By the year 2020, it’s estimated that only 3% of the 1.4 million computer science jobs in the United States will be held by women. The Girls Coding Project wants to change that.
The Girls Coding Project is a two-week learning experience for girls entering the 6th through 12th grades, organized by WNY STEM in collaboration with Girl Scouts of WNY and SUNY Buffalo State. Sessions are held in the SUNY Buffalo State Technology Building, home of the college’s Computer Information Systems Department. The goal is to encourage more young women to pursue computer science education and to become part of WNY’s growing technology workforce.
“Participating in The Girls Coding Project last summer made me aware of the potential in my future with computer science. I learned a lot and am excited to continue learning.”
The Girls Coding Project began in 2016 as It’s Your World! Develop It! Powered by AT&T to introduce girls to computer coding. It continued into the fall of 2016 and winter of 2017, and was repeated in the summer of 2017 when the United Way of Buffalo and Erie County and GM Tonawanda Engine joined the partnership.
In 2018, The Girls Coding Project will expand to offer an Advanced level computer science training to the 75 girls who have mastered computer coding basics taught in the initial experiences, while repeating the in-demand introductory session. This two-tiered approach (Introductory and Advanced sessions) will add a more rigorous, real-world component. It’s also a complement to the STEM initiatives that are priorities for Girl Scouts.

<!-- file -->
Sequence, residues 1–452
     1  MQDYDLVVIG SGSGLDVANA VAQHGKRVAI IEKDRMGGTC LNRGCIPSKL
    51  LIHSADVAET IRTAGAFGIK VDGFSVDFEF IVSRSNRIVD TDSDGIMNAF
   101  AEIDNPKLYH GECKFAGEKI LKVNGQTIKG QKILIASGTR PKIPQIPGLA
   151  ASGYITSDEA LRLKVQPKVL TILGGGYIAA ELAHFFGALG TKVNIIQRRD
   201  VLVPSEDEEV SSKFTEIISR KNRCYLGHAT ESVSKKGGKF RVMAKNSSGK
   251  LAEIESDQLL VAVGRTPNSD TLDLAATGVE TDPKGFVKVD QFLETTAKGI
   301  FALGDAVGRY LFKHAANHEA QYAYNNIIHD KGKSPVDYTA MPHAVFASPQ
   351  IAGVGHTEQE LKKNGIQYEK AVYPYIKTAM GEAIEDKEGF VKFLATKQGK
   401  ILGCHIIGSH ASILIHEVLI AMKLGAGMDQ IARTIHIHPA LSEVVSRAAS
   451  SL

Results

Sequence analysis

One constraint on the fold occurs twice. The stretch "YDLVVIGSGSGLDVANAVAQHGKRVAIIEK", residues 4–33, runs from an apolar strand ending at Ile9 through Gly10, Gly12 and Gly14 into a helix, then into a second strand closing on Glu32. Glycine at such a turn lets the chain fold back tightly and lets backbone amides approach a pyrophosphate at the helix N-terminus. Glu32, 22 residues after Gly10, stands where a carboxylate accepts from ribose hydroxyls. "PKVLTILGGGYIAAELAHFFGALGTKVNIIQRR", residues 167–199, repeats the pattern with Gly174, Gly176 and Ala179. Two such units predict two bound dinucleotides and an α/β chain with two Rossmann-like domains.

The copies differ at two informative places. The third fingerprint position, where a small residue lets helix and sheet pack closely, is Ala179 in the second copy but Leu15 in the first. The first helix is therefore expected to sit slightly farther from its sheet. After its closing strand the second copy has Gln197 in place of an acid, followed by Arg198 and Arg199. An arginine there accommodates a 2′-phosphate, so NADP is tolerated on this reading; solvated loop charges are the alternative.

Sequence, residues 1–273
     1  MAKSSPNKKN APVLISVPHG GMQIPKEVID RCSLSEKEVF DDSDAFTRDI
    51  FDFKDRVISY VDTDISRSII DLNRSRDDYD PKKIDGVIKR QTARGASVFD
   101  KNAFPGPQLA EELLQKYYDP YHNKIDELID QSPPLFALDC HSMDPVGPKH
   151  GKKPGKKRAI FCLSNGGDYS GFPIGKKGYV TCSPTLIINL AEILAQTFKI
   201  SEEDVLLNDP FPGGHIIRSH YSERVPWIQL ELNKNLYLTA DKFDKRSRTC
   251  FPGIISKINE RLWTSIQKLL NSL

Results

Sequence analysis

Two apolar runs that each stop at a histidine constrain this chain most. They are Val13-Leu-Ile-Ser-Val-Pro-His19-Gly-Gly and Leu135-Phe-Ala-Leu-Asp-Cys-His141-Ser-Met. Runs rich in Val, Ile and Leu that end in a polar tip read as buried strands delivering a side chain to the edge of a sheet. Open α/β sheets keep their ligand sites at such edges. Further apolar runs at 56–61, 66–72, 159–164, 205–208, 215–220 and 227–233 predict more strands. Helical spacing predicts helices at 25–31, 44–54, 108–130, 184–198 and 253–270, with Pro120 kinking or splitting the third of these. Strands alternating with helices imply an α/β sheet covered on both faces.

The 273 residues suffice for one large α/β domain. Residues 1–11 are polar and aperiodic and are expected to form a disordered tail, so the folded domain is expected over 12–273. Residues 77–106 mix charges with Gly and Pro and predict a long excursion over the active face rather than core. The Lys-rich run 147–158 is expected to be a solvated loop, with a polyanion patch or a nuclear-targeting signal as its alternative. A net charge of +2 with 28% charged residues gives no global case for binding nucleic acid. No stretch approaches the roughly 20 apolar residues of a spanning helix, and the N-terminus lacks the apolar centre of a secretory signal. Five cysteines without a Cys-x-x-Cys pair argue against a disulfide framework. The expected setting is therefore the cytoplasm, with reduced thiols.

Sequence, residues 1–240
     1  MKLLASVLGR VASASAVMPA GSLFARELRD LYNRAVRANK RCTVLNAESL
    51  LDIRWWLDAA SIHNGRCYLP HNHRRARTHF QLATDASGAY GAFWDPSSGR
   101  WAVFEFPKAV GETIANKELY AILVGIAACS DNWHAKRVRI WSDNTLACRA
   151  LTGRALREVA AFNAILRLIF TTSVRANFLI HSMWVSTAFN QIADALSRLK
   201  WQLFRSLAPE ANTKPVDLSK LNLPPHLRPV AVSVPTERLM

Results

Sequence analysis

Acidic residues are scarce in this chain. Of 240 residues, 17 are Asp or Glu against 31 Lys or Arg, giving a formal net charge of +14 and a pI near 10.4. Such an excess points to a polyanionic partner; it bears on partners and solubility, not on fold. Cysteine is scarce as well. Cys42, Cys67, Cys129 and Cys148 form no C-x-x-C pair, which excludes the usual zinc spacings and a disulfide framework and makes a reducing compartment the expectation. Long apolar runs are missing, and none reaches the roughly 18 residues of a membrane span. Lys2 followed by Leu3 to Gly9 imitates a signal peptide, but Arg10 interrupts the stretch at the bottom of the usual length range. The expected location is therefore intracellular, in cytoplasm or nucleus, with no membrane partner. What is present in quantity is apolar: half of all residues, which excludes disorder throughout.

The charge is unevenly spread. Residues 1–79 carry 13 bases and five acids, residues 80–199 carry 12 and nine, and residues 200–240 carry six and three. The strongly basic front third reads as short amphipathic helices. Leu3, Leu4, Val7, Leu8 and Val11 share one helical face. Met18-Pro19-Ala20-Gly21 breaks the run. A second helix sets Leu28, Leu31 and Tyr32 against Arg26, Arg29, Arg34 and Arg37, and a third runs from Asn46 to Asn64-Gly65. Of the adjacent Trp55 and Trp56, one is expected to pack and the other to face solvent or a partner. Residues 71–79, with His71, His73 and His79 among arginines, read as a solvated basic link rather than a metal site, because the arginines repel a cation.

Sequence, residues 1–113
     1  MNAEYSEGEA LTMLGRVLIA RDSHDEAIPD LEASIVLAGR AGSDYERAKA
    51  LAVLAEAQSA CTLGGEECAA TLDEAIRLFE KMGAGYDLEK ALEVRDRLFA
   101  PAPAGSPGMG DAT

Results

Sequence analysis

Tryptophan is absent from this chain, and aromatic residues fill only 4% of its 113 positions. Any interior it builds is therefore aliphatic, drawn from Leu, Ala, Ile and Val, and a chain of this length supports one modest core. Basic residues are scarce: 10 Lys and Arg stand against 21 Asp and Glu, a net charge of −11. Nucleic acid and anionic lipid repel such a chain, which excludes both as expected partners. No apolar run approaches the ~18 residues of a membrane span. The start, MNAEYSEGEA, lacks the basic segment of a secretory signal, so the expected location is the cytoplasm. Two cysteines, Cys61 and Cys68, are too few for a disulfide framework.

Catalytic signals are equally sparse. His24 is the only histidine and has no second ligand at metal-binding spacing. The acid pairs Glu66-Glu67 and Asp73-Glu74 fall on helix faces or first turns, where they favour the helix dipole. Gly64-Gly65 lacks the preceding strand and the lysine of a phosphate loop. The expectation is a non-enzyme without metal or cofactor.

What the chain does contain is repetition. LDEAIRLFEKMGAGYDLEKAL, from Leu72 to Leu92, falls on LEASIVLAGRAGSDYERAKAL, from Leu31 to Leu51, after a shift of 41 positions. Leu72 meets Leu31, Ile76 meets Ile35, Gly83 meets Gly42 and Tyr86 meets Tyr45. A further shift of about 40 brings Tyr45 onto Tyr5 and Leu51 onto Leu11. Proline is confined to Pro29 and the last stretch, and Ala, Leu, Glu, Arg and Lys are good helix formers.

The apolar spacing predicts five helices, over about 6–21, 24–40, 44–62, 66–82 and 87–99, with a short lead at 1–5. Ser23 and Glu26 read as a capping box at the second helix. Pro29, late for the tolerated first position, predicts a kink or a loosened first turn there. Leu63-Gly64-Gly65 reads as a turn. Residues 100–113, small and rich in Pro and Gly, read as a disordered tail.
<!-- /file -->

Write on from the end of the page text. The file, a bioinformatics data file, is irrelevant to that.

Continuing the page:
The Introductory Program will target urban scout groups, and high need community centers and schools. The Introductory Program will engage first-time attendees learning coding basics and developing apps, games, websites using programs like Alice 2.0.
The Advanced Program girls (recruited from our previous two program years) will work on self-guided group or individual coding language learning using Code.org and other online resources. An exemplar project is the WNY Family Resource App developed by girls from the first cohort in collaboration with professional developers.
Each session will end with a Demonstration Day for families and community members to view the girls’ work.
All the participating girls will be guided by campus professors, area tech professionals, educators, and other computer advocates. Women mentors will introduce the girls to entrepreneurship, leadership development, and the wide range of career pathways available to a computer scientist and skilled computer coder.
Sponsorship opportunities are available!
For more information, contact Cherie Messore, Executive Director